Submitted by: Natalie Aurucci Stiefel
Ancestor / Family Name: Rosario Aurucci
Ancestral Town: Corleto Monforte, SA,CAM
The year was 1920 when my father, Rosario Aurucci, at age 18 immigrated to the United States. That day, when he left his ancestral home, his mother told him to love his new country with all his heart. He took that advice seriously as he became a patriotic American citizen, served as a Staff Sergeant in the historic 13th Regiment of the National Guard during World War II, an air raid warden and chartering and volunteering in over 30 worthy and patriotic organizations during his lifetime. As a stone mason and artist, he volunteered to teach his trade to youngsters and he restored the historic 1902 Guglielmo Marconi wireless radio building.
Dad’s roots in his home town of Corleto Monforte, in the Provence of Salerno, had much family history. His maternal “Salamone” family settled in that town as early as 2,000 years ago and his paternal “Aurucci” roots were established there in the year 1400. There is a history book reporting members of our family who served as Mayors and other various officers. History books record my great grandfather, Nicolo Salamone, serving as a Captain in Garibaldi’s Army when he marched into Rome with the King and Garibaldi. The book mentions that Spartacus and his run-a-way slave army passed by the village. In anticipation, the villagers left food, provisions and livestock outside the walls to feed the slave army and it appeased them to go their way without raiding the village.
The day my dad arrived in Ellis Island, his sister was not there to greet him as she thought he was arriving at another date. Some of the immigrants who were waiting were assigned to stay overnight in a caged-in area. During the evening, my Dad let himself out into the grand hall where he met other immigrants. A Frenchman played an accordion and an Irish girl signaled Dad to dance and that’s how they spent the rest of the evening. When my Dad was 80 years of age he painted that scene. That painting is on display at Ellis Island. The next day, an Ellis Island officer pinned Dad’s sister’s address on his lapel and told him to walk uptown. He showed the address to various people along the way and they kept pointing uptown. Dad walked from the very bottom of Manhattan Island right up to Italian Harlem. One can only imagine the amazing sights this young Italian immigrant saw along New York’s amazing way. When his sister, Beatrice, saw him at the front door she was surprised that he found his way to her home.
My Dad returned to Italy in 1939 to visit his parents. While he was there, the war in Europe broke out. He had to go to the local United States embassy for protection as a United States Citizen and they arranged to get him out of the country. As an Italian-born, he would have been forced to serve in Mussolini’s Army. He said a hasty goodbye to his parents. His last toast to them was “until we drink wine together in God’s Kingdom”. He never saw them again. When I accompanied Dad for a visit to his birthplace in 1981 for his 80th birthday, we heard stories from his cousins about World War II. During the war his cousin heard that the Nazis placed dynamite on a long mountain bridge where the American troops were planning to cross the next morning. Cousin, Giovanni Aurucci, removed that dynamite and became a silent hero of the war.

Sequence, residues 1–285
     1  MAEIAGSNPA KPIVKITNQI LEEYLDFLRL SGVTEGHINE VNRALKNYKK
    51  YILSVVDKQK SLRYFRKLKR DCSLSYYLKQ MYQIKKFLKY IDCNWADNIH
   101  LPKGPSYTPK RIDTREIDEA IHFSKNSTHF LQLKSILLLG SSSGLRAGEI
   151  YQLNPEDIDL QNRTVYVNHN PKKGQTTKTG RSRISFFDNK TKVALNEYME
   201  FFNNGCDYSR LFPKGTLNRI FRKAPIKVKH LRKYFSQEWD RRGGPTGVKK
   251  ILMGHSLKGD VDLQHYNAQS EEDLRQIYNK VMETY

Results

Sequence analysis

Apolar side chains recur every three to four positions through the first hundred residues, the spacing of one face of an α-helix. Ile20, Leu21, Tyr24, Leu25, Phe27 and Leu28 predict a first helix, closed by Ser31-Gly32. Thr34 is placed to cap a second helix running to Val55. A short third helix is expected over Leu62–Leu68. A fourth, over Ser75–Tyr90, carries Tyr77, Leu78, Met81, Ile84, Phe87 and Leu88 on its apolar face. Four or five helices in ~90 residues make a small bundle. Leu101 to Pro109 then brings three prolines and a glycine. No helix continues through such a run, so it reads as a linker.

Italian families are known for continuing their traditions and loving their ancestry and my sister, Stella and I grew up in Williamsburg, Brooklyn in two wonderful worlds. We loved watching our grandmother, Natalia, and my mother, Mildred, hand-making those delicious raviolis and finding tablecloth space all over the house to let them to dry. My grandfather had the local barbershop, an uncle ran his grocery store, another uncle peddled vegetables with his horse and wagon, another uncle ran his shoe store and one was a fine furniture maker. Everyone joined in making their way in this wonderful new country. I remember those fantastic Aurucci-Marzano family summer picnics in the early 1940’s at Bayville and Oyster Bay including extended family of all ages. Our family didn’t bring hot dogs and hamburgers as we had big bowls of macaroni with meat balls and sausages, roasted chickens, fruit and we shared it with other picnickers who did not bring their lunch. We sang songs and my uncles would act out comical theatrical skits.
It was twenty-five years ago when I met June Delalio at an Historic Fair. She was organizing a genealogical group to research Italian ancestry. June and John Martino created the foundation of this beloved and dedicated group. In September of 1994 the Charter group included Marie and Gene Capobianco, June DeLalio, MaryAnn Horn, John Martino, Gloria Musante, Robert Sisco, Robert Mills Smith, Albert Zani, Daniel Tonery and Natalie Aurucci Stiefel. I served as first Treasurer in the year 1993 BC (Before Computers). I joyfully served for four years and another term as Corresponding Secretary.
We are all on an ongoing quest to find and celebrate our ancestors. May we continue on our journey to meeting them back in time.